Splashing off the stern

Photo taken on 22 June. View off the back of the ship from inside the hanger. Significant wave height of 5.0m at the time this photo was taken

As the night went on the waves got higher…

Significant Wave Height

Significant Wave Height reached 5.1 m on 22 June

A bit of weather

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The sea state has picked up a bit, so the rate of deployments/recoveries has slowed. It is good that we got so much done during the first 48 hours of the cruise. We picked up 4 out of the 5 shallowest seafloor pressure recorders, which is important as calm seas are needed for that work. It is 2:30 am now, and we are nearing the drop site of one of the Kyoto University seafloor pressure gauges. Yoshi Ito and Res Tech Jay will assess whether it is safe to deploy soon, and if not, we will move on to another site to the south and wait until morning. Deployment in high seas is easier than recovery. For recovery of the OBS there is more of a chance of it banging into the ship and getting damaged, and personnel have to be on deck longer to snag the instrument.

Chief Scientist Laura Wallace on the bridge

Chief Scientist Laura Wallace on the bridge

Ted and Jay on deck

Ted and Jay on deck

The little white ball is a buoy that is connected to the shallow seafloor style of bottom pressure recorder

The little white ball is a buoy that is connected to the shallow seafloor style of bottom pressure recorder

Seafloor pressure sensor emerging from the deep

Seafloor pressure sensor emerging from the deep

Relieved scientists happy to the instruments back on board

Relieved scientists happy to see the instruments back on board

Seafloor pressure sensor on deck. It is covered with mud and barnacles from a year on the seafloor.

Seafloor pressure sensor on deck. It is covered with mud and barnacles from a year on the seafloor. Thanks to Justin and Erin for their hard work cleaning off the stinky muck.

Anne, Spahr, and Martha on deck.

Anne, Spahr, and Martha on deck.

 

 

OBS aboard!

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The video linked below shows the recovery process for an ocean bottom seismometer and absolute pressure gauge from the Lamont-Doherty Earth Observatory at Columbia University in New York.

Click here.

Once the instrument is recovered, it needs to be washed and disassembled in order to retrieve the data.

LDEO_OBSspecs

First ocean bottom seismometers recovered

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Harbor pilot escorts us out of Napier Port and Harbor

Harbor pilot escorts us out of Napier Port and Harbor

Rainbow as we start our voyage

Rainbow as we start our voyage

Guest post from Teddy K:

Winter Solstice, Sunday 21 June 06:50 local,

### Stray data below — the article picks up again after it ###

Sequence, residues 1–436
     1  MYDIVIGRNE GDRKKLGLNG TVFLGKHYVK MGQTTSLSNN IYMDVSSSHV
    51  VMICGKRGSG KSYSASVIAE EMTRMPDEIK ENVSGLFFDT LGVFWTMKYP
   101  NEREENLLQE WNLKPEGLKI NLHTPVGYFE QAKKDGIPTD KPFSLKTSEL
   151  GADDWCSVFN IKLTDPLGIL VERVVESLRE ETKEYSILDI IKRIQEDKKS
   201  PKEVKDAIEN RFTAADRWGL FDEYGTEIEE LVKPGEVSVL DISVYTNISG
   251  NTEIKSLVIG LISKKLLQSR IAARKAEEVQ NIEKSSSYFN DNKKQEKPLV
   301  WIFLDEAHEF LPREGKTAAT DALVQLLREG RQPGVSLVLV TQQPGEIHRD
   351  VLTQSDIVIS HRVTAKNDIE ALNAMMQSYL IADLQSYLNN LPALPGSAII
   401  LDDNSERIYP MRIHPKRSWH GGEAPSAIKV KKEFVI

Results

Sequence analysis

38S. 178E.

Last vestiges of NY time zone. Works out well though, 07:30 we will start to pick up
the first of 5 Lamont TRM/BPR’s. (Smaller version of the big steel hulks we have worked on).
Two Texas BPR’s, (Bottom Pressure Recorders), are on board. One washed up ashore a few months ago but was still recording. Second one, we picked up last night. Still recording, but it’s strobe light and radio were not operational. Real hard to find in the dark while it’s blowing 25-30 knots, in Beaufort 4-5 seas.

Rest of the night was spent picking up Japanese OBS/BPR’s. 5 recovered and on board.

Weather has moderated, wind down to 20Kts., and not as lumpy.
We’re looking at a long day as we want to recover all 5 Lamont TRM/BPR’s in daylight as they do not have radio’s or strobes. Sunrise is ~ 07:30 as the shortest day of the year is 22June, Winter solstice
down here.

——

1626 update (Anne)

Excellent success so far – 8 instruments total recovered – 1 Texas bottom pressure recorder, 2 ERI (Earthquake Research Institute, University of Tokyo) ocean bottom seismometers, 2 ERI bottom pressure recorders, 1 JAMSTEC (Japan Marine Science Agency) ocean bottom electromagnetic sensor, 2 Lamont shallow trawl mounted ocean bottom pressure recorders. In addition one Texas bottom pressure recorder washed up on shore a couple months ago and is on the ship now – it kept recording the whole time. One shallow Lamont bottom pressure recorder did not come up when we sent the command this morning, though we could communicate with it, so we will try again later in the cruise. The buoy for one more Lamont bottom pressure recorder has just surfaced and will be on board shortly. We have been working in shifts 24 hours a day in order to maximize the science that we can do during our voyage. We are also trying to get as much work done while the weather is good – absolutely beautiful sunny day today, calm seas.

First seismometer retrievals were at night.

First seismometer retrievals were at night.

Seismometer is spotted in the dark sea - strobe light and radio help.

Seismometer is spotted in the dark sea – strobe light and radio help us locate it.

Seismometer (the orange ball) near the ship.

Seismometer (the orange ball) near the ship.

Poles with hooks and rope to grab the seismometer.

Poles with hooks and rope to grab the seismometer.

Ocean bottom seismometer connected to rope.

Ocean bottom seismometer connected to rope.

Seismometer safely on board.

Seismometer safely on board.